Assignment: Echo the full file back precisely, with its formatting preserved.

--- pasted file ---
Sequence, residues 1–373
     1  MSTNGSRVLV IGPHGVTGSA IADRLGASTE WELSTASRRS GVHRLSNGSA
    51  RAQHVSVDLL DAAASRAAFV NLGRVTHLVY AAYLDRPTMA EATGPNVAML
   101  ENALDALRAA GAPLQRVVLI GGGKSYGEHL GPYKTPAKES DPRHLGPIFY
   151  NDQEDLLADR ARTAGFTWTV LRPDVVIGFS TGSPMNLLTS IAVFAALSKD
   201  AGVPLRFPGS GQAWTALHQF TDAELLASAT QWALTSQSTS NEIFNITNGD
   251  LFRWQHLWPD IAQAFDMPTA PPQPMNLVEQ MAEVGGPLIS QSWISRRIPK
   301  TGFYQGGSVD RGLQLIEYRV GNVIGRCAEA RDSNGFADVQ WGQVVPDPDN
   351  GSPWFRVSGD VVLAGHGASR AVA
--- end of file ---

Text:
Sequence, residues 1–373
     1  MSTNGSRVLV IGPHGVTGSA IADRLGASTE WELSTASRRS GVHRLSNGSA
    51  RAQHVSVDLL DAAASRAAFV NLGRVTHLVY AAYLDRPTMA EATGPNVAML
   101  ENALDALRAA GAPLQRVVLI GGGKSYGEHL GPYKTPAKES DPRHLGPIFY
   151  NDQEDLLADR ARTAGFTWTV LRPDVVIGFS TGSPMNLLTS IAVFAALSKD
   201  AGVPLRFPGS GQAWTALHQF TDAELLASAT QWALTSQSTS NEIFNITNGD
   251  LFRWQHLWPD IAQAFDMPTA PPQPMNLVEQ MAEVGGPLIS QSWISRRIPK
   301  TGFYQGGSVD RGLQLIEYRV GNVIGRCAEA RDSNGFADVQ WGQVVPDPDN
   351  GSPWFRVSGD VVLAGHGASR AVA